B Vitamins and One-Carbon Metabolism: Implications in Human Health and Disease
Authors: Lyon, Peter; Strippoli, Victoria; Fang, Byron; Cimmino, Luisa
Vitamins B9 (folate) and B12 are essential water-soluble vitamins that play a crucial role in the maintenance of one-carbon metabolism: a set of interconnected biochemical pathways driven by folate and methionine to generate methyl groups for use in DNA synthesis, amino acid homeostasis, antioxidant generation, and epigenetic regulation. Dietary deficiencies in B9 and B12, or genetic polymorphisms that influence the activity of enzymes involved in the folate or methionine cycles, are known to cause developmental defects, impair cognitive function, or block normal blood production. Nutritional deficiencies have historically been treated with dietary supplementation or high-dose parenteral administration that can reverse symptoms in the majority of cases. Elevated levels of these vitamins have more recently been shown to correlate with immune dysfunction, cancer, and increased mortality. Therapies that specifically target one-carbon metabolism are therefore currently being explored for the treatment of immune disorders and cancer. In this review, we will highlight recent studies aimed at elucidating the role of folate, B12, and methionine in one-carbon metabolism during normal cellular processes and in the context of disease progression.
Effect of melatonin and folic acid supplementation on the growth performance, antioxidant status, and liver histology of the farmed gilthead sea bream (Sparus aurataL.) under standard rearing conditions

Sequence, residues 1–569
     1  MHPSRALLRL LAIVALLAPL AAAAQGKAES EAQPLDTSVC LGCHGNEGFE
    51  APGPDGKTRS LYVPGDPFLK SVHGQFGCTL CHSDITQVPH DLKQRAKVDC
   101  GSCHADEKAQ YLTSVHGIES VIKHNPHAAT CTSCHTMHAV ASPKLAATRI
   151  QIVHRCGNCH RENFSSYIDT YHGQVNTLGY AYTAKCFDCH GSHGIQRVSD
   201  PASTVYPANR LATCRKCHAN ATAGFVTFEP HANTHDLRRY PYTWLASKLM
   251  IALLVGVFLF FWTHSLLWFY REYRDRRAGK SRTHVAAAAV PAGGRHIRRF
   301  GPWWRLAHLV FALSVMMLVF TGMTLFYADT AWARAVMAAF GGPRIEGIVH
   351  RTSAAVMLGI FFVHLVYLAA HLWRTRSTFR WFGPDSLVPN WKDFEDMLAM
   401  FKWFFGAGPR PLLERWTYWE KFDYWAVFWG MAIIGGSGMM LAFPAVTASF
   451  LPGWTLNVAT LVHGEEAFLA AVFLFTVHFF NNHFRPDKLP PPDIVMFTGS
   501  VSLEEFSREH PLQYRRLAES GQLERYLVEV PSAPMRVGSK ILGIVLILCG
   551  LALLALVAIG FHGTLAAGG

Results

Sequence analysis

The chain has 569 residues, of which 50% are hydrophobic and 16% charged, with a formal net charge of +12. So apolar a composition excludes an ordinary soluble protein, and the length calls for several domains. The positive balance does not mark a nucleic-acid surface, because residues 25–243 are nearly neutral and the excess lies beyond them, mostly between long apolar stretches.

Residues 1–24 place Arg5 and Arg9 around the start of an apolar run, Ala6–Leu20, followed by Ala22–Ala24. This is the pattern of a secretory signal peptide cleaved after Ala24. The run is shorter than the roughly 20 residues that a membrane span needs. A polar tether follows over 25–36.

FISH PHYSIOLOGY AND BIOCHEMISTRY
Authors: Amri, Afef; Kessabi, Kaouthar; Bouraoui, Zied; Sakli, Sabrine; Gharred, Tahar; Guerbej, Hamadi; Messaoudi, Imed; Jebali, Jamel
The present study aimed to investigate the effect of dietary of melatonin (MLT) and folic acid (FA) administrations on growth performance, antioxidant status, and liver histological structure of juvenile gilthead sea bream,Sparus aurataL. under standard rearing conditions. Four diets were considered: a basal diet considered a control and three diets supplemented with 40 mg/kg of melatonin (MLT), 2 mg/kg of folic acid (FA), and with the mixture of melatonin and folic acid (MLT + FA). Each diet was randomly allocated to triplicate groups of fish (mean initial weight was 2.99 +/- 0.55 g) for 41 days. The obtained results clearly indicated that the melatonin-supplemented diet decreased significantly the growth performance parameters (final body weight, weight gain rate, and specific growth rate) and IGF-1 level of the gilthead sea bream, while the folic acid-supplemented diet has no significant effect on these parameters. The mixture supplementation of melatonin and folic acid has no significant effect on the growth parameters due to the possible interaction between melatonin and folic acid effects. Furthermore, fish fed with all experimental diets showed significantly higher superoxide dismutase activity (SOD) and protein sulfhydryl level (PSH) and lower lipid peroxidation level (TBARS) and catalase activity (CAT) which confirm their powerful antioxidant role. The acetylcholinesterase activity (ACHE) decreased in fish fed with all experimental diets. The underlying mechanisms of driving melatonin and folic acid to reduce acetylcholinesterase activity require further studies. The histological structure of liver of controlS. auratafish shows severe hepatic lipid accumulation in large vacuoles that diminished after dietary individual or mixture folic acid and melatonin supplementations over 41 days. This work proved that 2 mg/kg of dietary folic acid has a positive effect on the growth performance, oxidative stress defense, and hepatic lipid accumulation reduction in the gilthead sea bream fish. Under our experimental conditions, melatonin failed to improve the growth indexes WGR, SGR, and IGF-I. This study recommends the diet supplementation with a dose lower than 2 mg/kg of food due to the observed effects on tissue ACHE activity.